Councilwoman Joi Collins disagreed with paying the manager more, saying that the position is only part-time, and doesn't need to match the pay that full time town managers would receive.

Collins referred back to the job advertisement, which requested either education or experience, meaning that the person does not need to be 'paid for the education,' as Seabrooks believed.

“Why can't we find someone with less education and less experience and give them a try?” asked Mayor Malone.

According to Collins, the previous pool of applicants had people who were qualified but had less education and experience than the man they chose. “We just didn't choose them,” said Collins. “We chose the top four [qualified] applicants. If we went back to the applicant pool, there would be someone with less education and less experience.”  Collins also advised that the council could advertise again, and hope to reap an entirely different crop of applicants.

“We have a responsibility to the town. We are advertising and advertising which costs us money every time,” said Mayor Malone. “This [is] constantly going back and forth, and I'm against that. I don't like spending money for nothing.” According to Malone, the town's dumping of money into advertising had yet to see results, as the only applicant they had chosen had backed out before his contract had even begun. “The bottom line is, someone who is trying to gain a reputation and experience will be willing to do more for us than someone who has already got it,” added Malone. “With all the experience and education you guys are asking for, even if I had a master's degree and I got four or five years experience in management, I'm not coming to Greenville.”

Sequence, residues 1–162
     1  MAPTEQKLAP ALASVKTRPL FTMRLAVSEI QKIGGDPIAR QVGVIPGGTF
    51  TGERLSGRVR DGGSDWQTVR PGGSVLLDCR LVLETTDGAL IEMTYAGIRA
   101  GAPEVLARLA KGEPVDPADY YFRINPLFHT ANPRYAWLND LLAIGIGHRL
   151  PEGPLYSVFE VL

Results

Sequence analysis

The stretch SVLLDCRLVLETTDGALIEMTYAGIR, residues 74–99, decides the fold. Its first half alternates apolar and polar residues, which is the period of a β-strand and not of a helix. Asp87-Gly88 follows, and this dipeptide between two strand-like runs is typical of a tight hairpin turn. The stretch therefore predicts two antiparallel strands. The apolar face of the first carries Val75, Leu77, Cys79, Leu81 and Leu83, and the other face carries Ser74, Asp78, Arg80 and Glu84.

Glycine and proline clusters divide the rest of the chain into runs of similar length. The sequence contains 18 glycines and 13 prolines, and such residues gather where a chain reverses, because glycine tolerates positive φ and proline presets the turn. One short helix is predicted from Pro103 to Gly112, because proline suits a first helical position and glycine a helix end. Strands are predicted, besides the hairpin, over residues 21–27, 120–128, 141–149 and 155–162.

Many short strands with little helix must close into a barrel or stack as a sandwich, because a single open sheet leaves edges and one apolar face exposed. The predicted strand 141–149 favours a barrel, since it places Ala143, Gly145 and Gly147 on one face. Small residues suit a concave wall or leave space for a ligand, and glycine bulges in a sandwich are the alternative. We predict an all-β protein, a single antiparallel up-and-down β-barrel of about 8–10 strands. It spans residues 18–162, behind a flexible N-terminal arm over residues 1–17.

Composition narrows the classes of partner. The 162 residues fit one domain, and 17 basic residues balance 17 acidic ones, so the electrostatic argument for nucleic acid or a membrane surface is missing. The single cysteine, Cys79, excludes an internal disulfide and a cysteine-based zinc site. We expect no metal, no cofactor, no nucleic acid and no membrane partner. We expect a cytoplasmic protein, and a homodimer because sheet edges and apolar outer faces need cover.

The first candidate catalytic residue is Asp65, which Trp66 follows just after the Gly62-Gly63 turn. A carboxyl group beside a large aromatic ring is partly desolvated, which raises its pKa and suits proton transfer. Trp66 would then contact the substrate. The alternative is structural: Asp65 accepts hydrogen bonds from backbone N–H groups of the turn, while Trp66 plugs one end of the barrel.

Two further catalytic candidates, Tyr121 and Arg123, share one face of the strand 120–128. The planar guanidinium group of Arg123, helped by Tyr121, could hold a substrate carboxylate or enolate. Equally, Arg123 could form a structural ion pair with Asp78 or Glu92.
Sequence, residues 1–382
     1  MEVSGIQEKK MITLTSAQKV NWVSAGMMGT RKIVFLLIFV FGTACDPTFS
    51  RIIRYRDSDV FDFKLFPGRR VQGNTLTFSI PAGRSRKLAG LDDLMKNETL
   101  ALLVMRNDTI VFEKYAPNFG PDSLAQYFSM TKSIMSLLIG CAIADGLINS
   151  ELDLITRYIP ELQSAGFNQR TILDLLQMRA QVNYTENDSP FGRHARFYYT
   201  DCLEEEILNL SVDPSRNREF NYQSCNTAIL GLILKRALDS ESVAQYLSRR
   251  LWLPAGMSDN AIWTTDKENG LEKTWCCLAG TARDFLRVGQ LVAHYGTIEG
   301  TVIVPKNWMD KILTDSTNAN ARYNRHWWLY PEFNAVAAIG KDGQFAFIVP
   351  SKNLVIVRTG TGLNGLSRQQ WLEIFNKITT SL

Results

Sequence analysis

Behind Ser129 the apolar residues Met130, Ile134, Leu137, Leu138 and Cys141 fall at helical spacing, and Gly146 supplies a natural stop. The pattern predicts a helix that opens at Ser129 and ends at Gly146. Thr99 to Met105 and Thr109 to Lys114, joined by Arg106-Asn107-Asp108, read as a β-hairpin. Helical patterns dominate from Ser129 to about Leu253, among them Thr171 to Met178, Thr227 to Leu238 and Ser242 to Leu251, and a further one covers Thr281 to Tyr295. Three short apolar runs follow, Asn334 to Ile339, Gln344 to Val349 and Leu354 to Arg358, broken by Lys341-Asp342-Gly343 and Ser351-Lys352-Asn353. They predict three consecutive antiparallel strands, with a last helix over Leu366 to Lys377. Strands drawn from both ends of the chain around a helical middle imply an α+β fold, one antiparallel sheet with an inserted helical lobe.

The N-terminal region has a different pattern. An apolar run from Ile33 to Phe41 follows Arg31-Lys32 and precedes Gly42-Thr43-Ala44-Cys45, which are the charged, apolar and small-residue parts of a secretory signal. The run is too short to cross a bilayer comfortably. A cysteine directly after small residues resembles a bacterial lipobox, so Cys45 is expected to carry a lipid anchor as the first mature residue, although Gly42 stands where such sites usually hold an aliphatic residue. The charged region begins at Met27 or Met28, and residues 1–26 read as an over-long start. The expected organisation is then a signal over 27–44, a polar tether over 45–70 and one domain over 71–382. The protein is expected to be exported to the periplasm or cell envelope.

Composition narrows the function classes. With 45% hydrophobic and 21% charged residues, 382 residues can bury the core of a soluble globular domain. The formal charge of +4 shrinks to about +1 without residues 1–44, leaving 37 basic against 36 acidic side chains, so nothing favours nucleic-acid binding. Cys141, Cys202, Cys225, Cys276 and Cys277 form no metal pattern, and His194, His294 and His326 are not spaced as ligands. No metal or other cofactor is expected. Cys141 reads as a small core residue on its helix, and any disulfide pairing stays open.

Councilwoman Barbara Dansey had her own take on the situation, saying that the needs that Greenville has are needs that should be handled by someone with experience, rather than an amateur. “I am looking for someone who will help with growth,” said Dansey. In her opinion, if those needs would be best handled by someone with experience and schooling, that is what Greenville should require of their potential manager. “None of the applicants who were left had that [economic development] experience. A person with no experience, I feel, could not accomplish anything for us.”

Despite Malone's hesitance about re-advertising, the council voted to advertise again, with Councilwoman Dansey making the motion and Councilwoman Collins seconding it.

The vote was carried with a 4-0 vote; Malone voted in agreement as well, despite his stance against re-advertising.

The advertisement is to be run in all the places it was posted in previously.

For the second part of their meeting, the council discussed goals for the town, but did not cast any votes to bring those goals into action.

Also discussed was Dansey's concern that the council members were breaking the Sunshine Law without knowing, and Mayor Malone decided the council needed to again familiarize themselves with the Sunshine Law.

Another matter that was discussed was the council's fear that, over time, the Madison County School Board would close down Greenville Elementary School (GES) and have all the students attend Madison County Central School. However, after being contacted about the remarks made about closing GES, Superintendent Doug Brown denied that the school board has any plans to close the Greenville school.

Before ending the meeting, Mayor Malone attempted to return to discussing the Town Manager position and the pay offered, but was reminded by fellow council members that the topic was now closed, as it had already been voted on and accepted.